By now, I couldn’t have been more satisfied, more grateful to The Land of Enchantment for the visual riches bestowed upon the two of us.  Unlike me, my father loved to travel, and I so wanted him to fall under New Mexico’s spell.  But when we entered the south end of Taos, and the highway ballooned into four hectic lanes on either side of which was, amid the litter, a dreary succession of hotels and fast-food joints, my father, without warning, dryly remarked: “Shitty town.”

“Shitty town.”  Thus, Dad seemed to join the ranks of none other than D.H. Lawrence, who, decades earlier, derided Taos as “Mabeltown,” after Mabel Dodge Luhan, of course.  (Luhan is “very wicked,” Lawrence once observed, “has a terrible will-to-power.”)

A bit stunned, I said nothing and drove on.  Meanwhile, more amused than resentful, I thought: Well, perhaps it is “shitty”when you live in a New England retirement community of handsome condominiums, manicured lawns, book and bridge clubs, a community garden, weekly trash collection and recycling, and cable TV, all located in a white-steepled Norman Rockwell village with a 150-year-old college, a lake with private beaches, a “Little Theater,” and a tavern serving crab cakes and shepherd’s pie.

Pffff!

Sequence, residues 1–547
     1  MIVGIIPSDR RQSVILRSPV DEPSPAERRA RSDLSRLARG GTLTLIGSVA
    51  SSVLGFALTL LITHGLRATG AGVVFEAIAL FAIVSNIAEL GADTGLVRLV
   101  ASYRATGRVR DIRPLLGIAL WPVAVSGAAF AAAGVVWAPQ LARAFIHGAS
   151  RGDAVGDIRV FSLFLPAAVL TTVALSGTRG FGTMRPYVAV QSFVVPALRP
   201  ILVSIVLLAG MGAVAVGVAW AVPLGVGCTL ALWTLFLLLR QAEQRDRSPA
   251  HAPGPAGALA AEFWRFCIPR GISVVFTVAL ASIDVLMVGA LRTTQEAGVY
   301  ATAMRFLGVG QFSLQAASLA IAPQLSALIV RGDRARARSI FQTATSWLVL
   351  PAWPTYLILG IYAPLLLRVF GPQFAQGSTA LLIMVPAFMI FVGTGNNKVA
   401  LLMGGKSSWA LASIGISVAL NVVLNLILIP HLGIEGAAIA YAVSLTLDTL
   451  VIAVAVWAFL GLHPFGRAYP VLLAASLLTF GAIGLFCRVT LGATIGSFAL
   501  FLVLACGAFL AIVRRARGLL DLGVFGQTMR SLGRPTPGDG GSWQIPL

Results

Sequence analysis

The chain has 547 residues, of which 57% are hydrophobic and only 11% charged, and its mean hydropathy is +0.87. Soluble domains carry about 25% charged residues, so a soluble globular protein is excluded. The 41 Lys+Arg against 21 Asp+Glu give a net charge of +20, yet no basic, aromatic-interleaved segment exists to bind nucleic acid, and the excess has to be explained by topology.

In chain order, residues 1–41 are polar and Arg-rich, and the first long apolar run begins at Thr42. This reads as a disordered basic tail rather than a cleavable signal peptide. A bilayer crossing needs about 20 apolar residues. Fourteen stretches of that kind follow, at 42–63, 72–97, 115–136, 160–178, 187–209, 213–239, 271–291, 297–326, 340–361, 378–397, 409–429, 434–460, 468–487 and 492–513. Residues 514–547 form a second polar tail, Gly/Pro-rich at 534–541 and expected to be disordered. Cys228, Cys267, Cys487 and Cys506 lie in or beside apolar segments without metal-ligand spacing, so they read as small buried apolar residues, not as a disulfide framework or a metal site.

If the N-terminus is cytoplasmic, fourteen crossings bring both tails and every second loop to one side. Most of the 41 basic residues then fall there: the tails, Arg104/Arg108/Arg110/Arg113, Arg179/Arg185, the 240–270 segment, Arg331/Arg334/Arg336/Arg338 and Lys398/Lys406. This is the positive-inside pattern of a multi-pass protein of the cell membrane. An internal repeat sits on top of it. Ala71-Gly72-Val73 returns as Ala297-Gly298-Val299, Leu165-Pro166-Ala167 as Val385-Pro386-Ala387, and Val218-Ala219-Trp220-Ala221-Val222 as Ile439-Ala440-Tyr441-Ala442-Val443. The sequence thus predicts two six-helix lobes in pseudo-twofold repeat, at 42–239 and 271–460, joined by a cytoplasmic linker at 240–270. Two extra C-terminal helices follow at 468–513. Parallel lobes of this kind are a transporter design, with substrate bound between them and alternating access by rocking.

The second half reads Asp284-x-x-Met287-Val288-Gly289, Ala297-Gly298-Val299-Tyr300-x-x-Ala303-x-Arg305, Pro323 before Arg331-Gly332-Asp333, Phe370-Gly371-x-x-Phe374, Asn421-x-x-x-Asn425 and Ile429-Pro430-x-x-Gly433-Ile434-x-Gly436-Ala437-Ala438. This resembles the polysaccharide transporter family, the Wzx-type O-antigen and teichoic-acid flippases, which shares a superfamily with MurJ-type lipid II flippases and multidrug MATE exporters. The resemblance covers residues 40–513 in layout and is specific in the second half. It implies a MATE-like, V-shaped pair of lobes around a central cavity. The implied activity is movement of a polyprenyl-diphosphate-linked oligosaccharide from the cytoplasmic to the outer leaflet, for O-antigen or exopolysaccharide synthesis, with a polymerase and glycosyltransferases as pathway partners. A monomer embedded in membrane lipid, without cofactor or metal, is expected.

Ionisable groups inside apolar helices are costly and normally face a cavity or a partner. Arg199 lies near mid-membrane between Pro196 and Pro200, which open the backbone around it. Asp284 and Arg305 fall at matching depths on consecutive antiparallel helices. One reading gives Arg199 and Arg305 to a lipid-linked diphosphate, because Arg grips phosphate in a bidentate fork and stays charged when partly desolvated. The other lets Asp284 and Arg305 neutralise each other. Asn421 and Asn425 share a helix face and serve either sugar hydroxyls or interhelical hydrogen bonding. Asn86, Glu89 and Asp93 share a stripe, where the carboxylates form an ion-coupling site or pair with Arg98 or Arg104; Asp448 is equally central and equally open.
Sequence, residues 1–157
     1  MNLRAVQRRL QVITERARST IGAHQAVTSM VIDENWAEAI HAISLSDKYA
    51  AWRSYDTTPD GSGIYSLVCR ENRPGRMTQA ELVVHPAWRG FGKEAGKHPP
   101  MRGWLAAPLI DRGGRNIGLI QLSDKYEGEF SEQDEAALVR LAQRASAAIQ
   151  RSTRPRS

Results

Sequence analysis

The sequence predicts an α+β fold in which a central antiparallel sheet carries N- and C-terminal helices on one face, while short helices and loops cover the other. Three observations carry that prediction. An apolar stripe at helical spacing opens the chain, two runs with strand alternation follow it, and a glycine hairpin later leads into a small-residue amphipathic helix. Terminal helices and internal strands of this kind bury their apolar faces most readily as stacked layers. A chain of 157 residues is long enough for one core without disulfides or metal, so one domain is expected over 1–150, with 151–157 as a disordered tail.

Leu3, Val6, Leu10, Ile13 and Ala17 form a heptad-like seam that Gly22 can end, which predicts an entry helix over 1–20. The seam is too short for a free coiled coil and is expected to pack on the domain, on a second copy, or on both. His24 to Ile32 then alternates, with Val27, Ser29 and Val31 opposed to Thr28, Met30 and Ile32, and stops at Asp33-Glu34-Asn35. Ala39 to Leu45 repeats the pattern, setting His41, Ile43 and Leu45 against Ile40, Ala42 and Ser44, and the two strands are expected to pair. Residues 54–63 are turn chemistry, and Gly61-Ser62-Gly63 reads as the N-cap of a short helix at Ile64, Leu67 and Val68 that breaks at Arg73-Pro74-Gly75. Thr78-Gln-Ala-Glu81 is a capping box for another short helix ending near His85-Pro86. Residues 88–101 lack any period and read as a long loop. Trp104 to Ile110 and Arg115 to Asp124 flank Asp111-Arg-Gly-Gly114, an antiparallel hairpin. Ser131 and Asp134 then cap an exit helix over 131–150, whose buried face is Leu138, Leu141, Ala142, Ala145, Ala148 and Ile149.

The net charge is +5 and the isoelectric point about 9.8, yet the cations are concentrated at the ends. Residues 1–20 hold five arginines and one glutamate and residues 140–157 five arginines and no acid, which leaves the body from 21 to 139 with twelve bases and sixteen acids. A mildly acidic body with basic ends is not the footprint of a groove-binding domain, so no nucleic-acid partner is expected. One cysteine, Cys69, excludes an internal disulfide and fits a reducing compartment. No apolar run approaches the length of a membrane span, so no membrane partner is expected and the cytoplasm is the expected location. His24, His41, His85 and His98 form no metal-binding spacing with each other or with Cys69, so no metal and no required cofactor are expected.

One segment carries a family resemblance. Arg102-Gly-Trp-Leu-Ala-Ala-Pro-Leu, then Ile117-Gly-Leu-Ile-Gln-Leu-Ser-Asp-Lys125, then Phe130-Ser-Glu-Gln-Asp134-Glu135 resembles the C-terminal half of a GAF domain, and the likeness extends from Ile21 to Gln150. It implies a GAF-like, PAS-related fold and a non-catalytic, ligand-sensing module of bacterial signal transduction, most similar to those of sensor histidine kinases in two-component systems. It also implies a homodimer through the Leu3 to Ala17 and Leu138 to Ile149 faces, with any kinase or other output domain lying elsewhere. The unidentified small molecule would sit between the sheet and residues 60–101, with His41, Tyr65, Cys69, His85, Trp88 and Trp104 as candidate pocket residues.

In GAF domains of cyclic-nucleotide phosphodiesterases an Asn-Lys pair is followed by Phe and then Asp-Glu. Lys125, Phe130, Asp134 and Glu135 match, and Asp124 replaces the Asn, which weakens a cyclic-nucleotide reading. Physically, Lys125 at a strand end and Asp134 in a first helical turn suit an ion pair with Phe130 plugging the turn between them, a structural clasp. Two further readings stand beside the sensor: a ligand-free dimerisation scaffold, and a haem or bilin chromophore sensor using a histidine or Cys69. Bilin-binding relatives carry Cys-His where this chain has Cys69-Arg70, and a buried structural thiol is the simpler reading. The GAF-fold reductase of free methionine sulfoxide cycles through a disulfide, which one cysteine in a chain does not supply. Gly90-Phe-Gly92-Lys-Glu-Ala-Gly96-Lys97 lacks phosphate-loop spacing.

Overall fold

My father’s estimation of Taos rose, however, once we reached the town’s center and he beheld the charmingly narrow streets, the aged pueblo architecture, the famous plaza with its majestic cottonwoods, and, especially, the Native Americans from the nearby pueblo and the town’s comely Latinas.  After two martinis and a dinner of pan-seared trout at Doc Martin’s restaurant, and the promise of a night in a sumptuous bed surrounded by R.C. Gorman prints and traditional Hispanic woodworking at the Kachina Lodge, the Taos mystique had just about roped him. 

The following day at Taos Ski Valley, Dad struggled for air in a heavy snowfall and called it a day after several runs due to poor visibility and a dearth of oxygen.  Nonetheless, he was thrilled by the wind, snow, and vertiginous slopes of the southern Rockies.  On the drive back to Albuquerque, in the cañon of the Rio once again, he reiterated, in his own straightforward and quiet way, his high regard for Linda: “She’s a good catch.”